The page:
Annie Fandangoe, AKA The Fandangoe Kid, is starting a conversation.

Her art creates platforms for open conversations about things western society finds difficult to discuss, complex and sensitive subject matters that British reserve often leaves ignored.

Her narrative-driven work has included stories about mental health, the important of removing restrictive gender constructs, and tales of love and loss. A recent powerful and thought provoking installation is the 16-metre narrative about strength, and a challenging society’s gender stereotyping created for the Turner Prize events in Hull City of Culture 2017.

Annie lost almost all of her family in 2011, which “totally derailed” the artist, leaving her “dead inside for a long period of time“. Her creativity has been a way to express herself, a cathartic exploration of her emotions.

Messages include “celebrate your strength“, “all feelings are valid“, and “the time is now… get fucking bold“. Annie’s aim is to spark conversations and champion self-love and confidence with her art, and her art therapy practices help young people address difficult issues and give them a safe space to explore their emotions.

Art therapy uses visual art, music, poetry or story telling as a trigger for people to express themselves and issues they find difficult in a way that doesn’t rely on verbal communication. Art therapists can obtain clues that reveal the cause, impact, recovery and progress of the artist’s distress, as it’s mapped out in their creations.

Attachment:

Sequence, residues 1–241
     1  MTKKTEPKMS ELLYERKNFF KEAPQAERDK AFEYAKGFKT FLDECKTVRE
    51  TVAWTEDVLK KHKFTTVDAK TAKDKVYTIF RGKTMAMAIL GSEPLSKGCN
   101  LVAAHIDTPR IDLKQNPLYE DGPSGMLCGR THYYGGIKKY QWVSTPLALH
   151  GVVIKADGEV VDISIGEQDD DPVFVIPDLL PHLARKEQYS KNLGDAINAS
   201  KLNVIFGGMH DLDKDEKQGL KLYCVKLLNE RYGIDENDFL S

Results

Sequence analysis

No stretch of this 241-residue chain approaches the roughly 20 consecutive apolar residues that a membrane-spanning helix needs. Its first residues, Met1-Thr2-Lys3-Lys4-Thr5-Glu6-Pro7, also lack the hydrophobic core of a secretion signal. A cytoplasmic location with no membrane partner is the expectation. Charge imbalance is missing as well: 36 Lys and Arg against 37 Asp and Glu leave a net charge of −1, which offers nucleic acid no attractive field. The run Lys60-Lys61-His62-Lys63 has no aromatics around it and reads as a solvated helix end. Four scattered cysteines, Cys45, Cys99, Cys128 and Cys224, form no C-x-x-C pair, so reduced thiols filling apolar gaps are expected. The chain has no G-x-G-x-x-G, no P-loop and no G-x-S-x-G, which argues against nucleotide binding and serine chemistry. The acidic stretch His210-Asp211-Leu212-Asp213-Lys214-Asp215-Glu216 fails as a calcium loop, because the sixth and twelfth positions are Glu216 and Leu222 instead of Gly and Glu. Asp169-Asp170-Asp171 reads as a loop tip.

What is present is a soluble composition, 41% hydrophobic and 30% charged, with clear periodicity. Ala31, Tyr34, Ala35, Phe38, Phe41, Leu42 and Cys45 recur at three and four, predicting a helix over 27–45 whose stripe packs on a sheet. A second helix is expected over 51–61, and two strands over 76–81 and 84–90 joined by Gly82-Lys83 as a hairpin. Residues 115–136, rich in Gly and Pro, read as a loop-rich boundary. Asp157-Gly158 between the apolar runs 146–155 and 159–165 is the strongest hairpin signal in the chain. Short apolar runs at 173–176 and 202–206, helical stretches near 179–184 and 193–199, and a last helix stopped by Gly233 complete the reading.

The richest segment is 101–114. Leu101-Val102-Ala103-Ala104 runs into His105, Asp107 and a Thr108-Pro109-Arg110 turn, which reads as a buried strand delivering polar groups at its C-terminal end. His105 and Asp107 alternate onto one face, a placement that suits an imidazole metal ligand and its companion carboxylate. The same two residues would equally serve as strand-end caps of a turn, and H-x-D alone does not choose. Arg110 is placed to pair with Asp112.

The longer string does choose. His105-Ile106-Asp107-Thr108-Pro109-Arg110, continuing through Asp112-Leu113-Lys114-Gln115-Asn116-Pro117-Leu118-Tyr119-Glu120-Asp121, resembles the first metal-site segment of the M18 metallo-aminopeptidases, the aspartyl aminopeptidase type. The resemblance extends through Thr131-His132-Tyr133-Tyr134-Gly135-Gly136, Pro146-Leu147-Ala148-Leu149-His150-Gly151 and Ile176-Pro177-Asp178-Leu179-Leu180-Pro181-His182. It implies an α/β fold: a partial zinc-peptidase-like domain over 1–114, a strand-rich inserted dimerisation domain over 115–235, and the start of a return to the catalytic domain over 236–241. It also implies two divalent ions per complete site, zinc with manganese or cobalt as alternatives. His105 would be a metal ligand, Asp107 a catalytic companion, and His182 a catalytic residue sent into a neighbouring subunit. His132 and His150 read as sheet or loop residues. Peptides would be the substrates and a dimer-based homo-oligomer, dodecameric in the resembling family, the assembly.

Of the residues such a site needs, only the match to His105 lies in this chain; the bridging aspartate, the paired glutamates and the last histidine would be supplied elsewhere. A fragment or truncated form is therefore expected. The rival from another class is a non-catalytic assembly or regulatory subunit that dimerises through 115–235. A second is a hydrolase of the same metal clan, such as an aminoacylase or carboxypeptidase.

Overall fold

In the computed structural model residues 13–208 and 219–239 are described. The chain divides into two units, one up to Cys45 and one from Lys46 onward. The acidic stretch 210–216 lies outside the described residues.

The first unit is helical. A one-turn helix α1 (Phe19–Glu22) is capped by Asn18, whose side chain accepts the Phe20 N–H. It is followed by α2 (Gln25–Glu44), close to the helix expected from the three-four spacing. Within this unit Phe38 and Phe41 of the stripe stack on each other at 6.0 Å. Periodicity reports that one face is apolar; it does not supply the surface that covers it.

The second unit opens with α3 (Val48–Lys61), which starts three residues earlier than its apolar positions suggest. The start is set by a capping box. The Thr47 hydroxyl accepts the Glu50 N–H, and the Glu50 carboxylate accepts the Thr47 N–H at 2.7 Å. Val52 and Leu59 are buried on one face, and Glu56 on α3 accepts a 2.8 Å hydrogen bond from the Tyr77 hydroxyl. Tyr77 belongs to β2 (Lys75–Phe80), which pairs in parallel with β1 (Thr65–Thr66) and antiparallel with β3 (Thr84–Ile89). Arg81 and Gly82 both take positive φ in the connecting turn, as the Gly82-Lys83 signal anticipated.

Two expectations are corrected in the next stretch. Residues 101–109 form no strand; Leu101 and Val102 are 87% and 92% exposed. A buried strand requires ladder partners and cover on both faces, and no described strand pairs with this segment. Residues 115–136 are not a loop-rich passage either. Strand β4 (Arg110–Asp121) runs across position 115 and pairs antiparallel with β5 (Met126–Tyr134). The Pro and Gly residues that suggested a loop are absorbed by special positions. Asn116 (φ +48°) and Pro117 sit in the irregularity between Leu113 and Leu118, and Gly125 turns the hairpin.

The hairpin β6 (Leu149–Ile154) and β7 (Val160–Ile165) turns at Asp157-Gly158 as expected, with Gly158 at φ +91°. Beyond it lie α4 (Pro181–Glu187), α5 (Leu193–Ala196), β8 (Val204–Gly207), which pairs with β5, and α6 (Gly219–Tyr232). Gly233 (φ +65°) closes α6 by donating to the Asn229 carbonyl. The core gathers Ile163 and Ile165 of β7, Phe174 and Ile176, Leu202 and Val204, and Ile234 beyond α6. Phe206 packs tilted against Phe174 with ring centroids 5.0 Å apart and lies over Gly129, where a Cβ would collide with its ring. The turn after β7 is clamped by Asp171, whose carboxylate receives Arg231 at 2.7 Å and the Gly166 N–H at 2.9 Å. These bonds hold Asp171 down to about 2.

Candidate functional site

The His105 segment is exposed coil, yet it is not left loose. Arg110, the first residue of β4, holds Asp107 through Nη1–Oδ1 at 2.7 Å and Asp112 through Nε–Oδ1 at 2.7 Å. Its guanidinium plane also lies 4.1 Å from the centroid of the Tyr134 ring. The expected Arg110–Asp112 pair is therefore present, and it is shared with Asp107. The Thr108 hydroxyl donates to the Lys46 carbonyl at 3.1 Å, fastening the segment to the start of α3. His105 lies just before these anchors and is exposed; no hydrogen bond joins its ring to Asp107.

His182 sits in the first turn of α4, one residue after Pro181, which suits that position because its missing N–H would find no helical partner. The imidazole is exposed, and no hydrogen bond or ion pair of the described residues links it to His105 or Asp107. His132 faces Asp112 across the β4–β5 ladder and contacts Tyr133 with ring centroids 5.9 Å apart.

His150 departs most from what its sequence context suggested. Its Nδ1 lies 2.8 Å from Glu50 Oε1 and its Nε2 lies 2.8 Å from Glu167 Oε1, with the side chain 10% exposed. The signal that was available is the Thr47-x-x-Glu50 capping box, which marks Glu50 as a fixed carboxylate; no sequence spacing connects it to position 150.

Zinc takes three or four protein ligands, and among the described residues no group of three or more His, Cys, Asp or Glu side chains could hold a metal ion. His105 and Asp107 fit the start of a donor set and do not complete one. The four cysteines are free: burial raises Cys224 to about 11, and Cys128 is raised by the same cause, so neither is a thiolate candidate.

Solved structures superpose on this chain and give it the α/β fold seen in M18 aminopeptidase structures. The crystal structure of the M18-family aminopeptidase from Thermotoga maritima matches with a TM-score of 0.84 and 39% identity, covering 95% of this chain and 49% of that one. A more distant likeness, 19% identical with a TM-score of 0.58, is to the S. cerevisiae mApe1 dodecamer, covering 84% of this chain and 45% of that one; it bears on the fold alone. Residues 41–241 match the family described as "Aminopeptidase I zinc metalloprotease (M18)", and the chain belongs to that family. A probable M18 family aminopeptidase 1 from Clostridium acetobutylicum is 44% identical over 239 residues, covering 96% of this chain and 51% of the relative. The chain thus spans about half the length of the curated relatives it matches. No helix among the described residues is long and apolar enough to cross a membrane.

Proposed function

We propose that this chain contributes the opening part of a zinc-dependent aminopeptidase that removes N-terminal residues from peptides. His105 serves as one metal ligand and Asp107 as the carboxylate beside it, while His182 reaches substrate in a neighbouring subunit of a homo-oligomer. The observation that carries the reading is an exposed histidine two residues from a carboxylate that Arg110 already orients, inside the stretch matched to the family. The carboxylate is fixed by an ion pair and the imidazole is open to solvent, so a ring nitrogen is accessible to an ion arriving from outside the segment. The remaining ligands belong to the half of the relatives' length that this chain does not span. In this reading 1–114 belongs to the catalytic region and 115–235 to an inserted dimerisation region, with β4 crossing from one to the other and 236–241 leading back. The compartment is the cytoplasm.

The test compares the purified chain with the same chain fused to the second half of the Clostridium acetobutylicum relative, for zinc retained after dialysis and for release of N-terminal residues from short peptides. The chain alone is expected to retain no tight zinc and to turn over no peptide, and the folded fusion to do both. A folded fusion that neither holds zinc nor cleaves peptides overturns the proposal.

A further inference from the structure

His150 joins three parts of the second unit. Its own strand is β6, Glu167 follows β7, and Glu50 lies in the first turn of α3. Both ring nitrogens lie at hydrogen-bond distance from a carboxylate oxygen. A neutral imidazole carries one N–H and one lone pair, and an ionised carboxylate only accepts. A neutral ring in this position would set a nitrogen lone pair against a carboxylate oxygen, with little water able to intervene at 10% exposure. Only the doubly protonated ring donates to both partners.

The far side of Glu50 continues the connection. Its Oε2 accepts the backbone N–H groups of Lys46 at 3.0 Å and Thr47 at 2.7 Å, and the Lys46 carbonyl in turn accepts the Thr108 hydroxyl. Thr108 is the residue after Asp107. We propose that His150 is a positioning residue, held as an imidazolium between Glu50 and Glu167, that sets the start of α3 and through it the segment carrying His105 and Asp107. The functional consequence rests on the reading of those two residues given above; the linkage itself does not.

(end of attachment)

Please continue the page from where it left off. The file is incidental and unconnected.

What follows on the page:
Art therapy has been instrumental in helping children release the monsters that plague them, and has been used to counsel people through abuse, neglect and interpersonal violence.

The value of art therapy comes from the cathartic expression using images, and also immersion in the creative process, allowing the artist to express focus on their emotions within a safe space. It is particularly valuable for people who struggle with verbal communication – it offers a way to express without using words. It also reaches beyond cultural limitations.

America psychologist Rollo Reese May said: “In all creativity, we destroy and rebuild the world, and at the same time we inevitably rebuild and reform ourselves.”

Annie Fandangoe’s work “Hardcore Matriarch” states: “Know your heart, know your head. Introduce them warmly to each other and let them start making plans for a happy life.”

Seems like good advice to us.

The Fandangoe Kid is hosting a workshop that covers the topic of gender stereotypes on Thursday 12 July at 3rd Rail Print Space in Peckham Levels.

Follow Fandangoe Kid on Instagram or check out her portfolio on her website.